11 OCTOBER 2003, Page 60

Distant approach

Laura Gascoigne

Evelyn Williams: Recent Paintings Agnew's, 43 Old Bond Street, London, WI, until 17 October Uor a culture so cushioned from the 1 reality of death, we make an awful lot of art about it. Mortality as a theme is as 'in' today as it was in 17th-century Holland; then, vanitas painters knocked out skulls and dead birds for wealthy merchants, now Quinn and Hirst turn out blood heads and flayed cows for millionaire admen. It seems that in periods of prosperity it amuses the rich to collect such obvious reminders of mortality. Qua lifestyle accessory, they project the flattering image 'I may be rolling in it, but I'm philosophical'. Qua memento mori, they are mere Post-it notes compared to the paintings of Evelyn Williams.

Now in her early seventies and enjoying her first West End show at Agnew's, Williams might be surprised at the suggestion that her work is about death. Ostensibly it's about life, in all its stages. In a 40-year career that began with a bang with her winning the John Moores Prize for sculpture in 1961, Williams's muted but surprisingly large reliefs and paintings have followed her personal, often painful progress through life as a child, lover, mother and grandmother. If not strictly about death, her work is concerned with the small separations that serve as constant reminders of the big one, forming a record of one woman's lifelong struggle to close the gap between herself and others. It is quiet and unquiet work, hard to place — too intimate for the public space, too demanding for the private — but made easy on the eye by the softness of its gestures and the cool clarity of its palette, like a pebbled beach.

Williams was brought up by the sea and it remains a presence in her work. In an age of noise her paintings are unnaturally quiet, but if they did emit a sound it would be the muffled roar of a seashell held to the ear, presenting the illusion of a world outside when really we are listening to ourselves. The figures in her pictures give nothing away: their shining, inward-looking gazes have an impenetrable reserve that throws us back on to our own resources. Confront the crowd of grey commuters in Williams's 'Face in the Crowd', and their faces meet your gaze and politely hand it back. Their glassy eyes are not windows to the soul, but windows through which you glimpse the soul looking out: quietly, gravely, patiently, without expectation, seemingly waiting for some contact to be made, some spark to be lit. 'I think they are asking you a question,' says Williams, 'it's up to you as a spectator whether you want to be engaged or not.'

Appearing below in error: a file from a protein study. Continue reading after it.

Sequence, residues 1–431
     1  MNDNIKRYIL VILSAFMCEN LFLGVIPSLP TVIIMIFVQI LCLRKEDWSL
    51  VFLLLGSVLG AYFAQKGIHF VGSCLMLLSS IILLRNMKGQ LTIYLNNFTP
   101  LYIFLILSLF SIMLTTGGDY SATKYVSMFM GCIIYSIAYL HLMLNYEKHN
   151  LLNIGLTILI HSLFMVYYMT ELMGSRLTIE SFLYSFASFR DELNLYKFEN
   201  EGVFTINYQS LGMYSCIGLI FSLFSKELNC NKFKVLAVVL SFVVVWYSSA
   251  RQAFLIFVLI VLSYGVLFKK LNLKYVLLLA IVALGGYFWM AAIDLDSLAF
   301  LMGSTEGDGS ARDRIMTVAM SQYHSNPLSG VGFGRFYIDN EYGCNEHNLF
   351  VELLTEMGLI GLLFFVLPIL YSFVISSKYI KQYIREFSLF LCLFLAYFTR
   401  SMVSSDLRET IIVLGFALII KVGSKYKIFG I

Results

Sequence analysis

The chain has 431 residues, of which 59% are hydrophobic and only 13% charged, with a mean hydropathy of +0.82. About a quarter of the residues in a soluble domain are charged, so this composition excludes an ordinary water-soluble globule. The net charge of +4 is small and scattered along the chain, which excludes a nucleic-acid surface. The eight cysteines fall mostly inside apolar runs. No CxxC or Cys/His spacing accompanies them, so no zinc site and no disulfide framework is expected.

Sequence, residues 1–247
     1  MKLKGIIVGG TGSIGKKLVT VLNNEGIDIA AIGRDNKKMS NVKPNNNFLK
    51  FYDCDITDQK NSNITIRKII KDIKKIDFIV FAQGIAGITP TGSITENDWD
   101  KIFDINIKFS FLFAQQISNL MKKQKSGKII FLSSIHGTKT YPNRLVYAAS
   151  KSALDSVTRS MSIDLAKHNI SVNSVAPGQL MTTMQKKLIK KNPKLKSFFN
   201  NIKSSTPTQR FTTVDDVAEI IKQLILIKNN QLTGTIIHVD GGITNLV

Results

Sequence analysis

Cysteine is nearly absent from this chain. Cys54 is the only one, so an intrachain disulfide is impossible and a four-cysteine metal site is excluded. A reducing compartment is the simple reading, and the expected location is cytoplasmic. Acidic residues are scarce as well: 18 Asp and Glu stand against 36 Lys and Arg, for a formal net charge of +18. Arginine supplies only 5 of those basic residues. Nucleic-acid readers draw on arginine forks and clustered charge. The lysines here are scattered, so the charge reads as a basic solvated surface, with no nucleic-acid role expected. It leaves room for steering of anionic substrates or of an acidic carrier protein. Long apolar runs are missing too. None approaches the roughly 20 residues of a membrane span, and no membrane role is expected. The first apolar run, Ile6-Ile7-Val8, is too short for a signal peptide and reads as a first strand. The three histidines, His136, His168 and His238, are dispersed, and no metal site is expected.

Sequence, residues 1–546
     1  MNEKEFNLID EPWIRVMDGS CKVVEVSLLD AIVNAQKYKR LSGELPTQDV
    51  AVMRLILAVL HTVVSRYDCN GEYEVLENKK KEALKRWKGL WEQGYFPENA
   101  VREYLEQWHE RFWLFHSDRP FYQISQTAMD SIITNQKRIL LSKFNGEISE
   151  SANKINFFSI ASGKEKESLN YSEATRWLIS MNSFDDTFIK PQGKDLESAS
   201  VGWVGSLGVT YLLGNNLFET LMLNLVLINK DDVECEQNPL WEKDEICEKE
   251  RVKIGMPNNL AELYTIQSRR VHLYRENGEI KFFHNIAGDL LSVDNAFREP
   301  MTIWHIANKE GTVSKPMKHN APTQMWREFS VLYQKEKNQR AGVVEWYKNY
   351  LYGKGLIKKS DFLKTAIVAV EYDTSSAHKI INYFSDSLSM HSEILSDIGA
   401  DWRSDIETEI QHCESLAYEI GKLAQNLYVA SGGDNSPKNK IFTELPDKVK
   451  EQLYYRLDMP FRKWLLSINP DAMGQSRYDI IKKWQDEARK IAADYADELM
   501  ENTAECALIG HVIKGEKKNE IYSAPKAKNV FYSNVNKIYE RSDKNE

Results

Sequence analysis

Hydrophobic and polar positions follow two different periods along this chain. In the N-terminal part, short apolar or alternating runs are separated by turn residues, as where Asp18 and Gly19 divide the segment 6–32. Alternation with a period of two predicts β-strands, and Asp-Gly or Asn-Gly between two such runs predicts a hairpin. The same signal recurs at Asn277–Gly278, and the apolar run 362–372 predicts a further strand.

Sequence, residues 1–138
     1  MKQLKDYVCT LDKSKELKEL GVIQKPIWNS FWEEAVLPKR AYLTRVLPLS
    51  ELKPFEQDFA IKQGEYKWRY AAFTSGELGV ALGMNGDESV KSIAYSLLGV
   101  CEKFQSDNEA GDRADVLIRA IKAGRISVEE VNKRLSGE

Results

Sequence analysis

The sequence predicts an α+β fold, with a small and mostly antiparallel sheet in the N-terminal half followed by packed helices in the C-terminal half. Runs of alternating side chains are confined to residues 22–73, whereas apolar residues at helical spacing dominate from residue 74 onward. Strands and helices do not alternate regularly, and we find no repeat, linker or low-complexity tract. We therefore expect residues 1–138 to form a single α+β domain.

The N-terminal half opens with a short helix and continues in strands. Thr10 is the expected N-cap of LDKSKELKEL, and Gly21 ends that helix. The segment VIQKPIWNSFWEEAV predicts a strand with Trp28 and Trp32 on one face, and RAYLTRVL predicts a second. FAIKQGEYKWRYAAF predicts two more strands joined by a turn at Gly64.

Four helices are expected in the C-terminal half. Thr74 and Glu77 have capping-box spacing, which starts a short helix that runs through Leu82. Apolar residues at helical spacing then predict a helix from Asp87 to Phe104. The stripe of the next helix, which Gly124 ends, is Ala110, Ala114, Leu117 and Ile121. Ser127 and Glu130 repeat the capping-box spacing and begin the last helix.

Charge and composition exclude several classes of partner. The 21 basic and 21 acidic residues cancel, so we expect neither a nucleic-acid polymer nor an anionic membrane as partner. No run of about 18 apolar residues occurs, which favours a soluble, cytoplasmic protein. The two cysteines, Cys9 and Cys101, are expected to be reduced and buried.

Should you want to be engaged, you must first get through the invisible screen of glass that Williams seems to place between you and her subjects to keep you as distant from them as they are from each other. In Williams's world, closeness and separation can coexist even in an embrace. The embrace might be between courting couples anxiously circling on a crowded dance floor in a dark wood, or between naked lovers on the point of consummation, or between a mother and child. No matter. Little business will result and the yearning for union, when the embrace recedes, will be left high and dry. The most comforting arms in these pictures are the arms of sleep, which enfold the dreamer in the embrace of a warmer world. In 'Dreaming No. 1', a sleeping girl holds up her hands before her face in a gentle gesture which could suggest either longing or self-protection. As with most of Williams's pictures, the meaning is left open; she confesses to not always knowing it herself. Like all art driven by psychological necessity, hers is a struggle to come to an understanding with life. We're left to interpret it by our own lights, and darknesses.

It's not all darkness. A pair of 'Summer Paintings' shows a serene young woman musing on pregnancy in a light-filled garden, and a burnished gold portrait-head titled 'Apollo' celebrates the radiant youth of the artist's nine grandchildren, 'who seem to emanate light, like little suns'. There's even a upbeat mood to two paintings of 'Death and the Maiden', where Williams's beautiful dreamer finally leaves the arms of Morpheus for those of his brother Thanatos. He turns out on acquaintance to be a friendly Reaper, not as grim as she feared, and she tentatively returns his eager embrace. 'It's my age,' Williams excuses the conceit, 'a device on my part to make it more acceptable.' There's a greater sense of finality in the painting 'Sea', whose glittery grey surface is suspiciously empty of the drowning figures that appeared in earlier seascapes of the 1980s — presumably it has closed over them.

For an artist of her age, Williams is startlingly modern. Mortality, identity, alienation, all the issues so beloved of the Young British Artists are addressed in her work in completely original ways. Now that the YBAs are middle-aged, it's the OBAs' turn. Agnew's have showed the way; a public gallery should follow.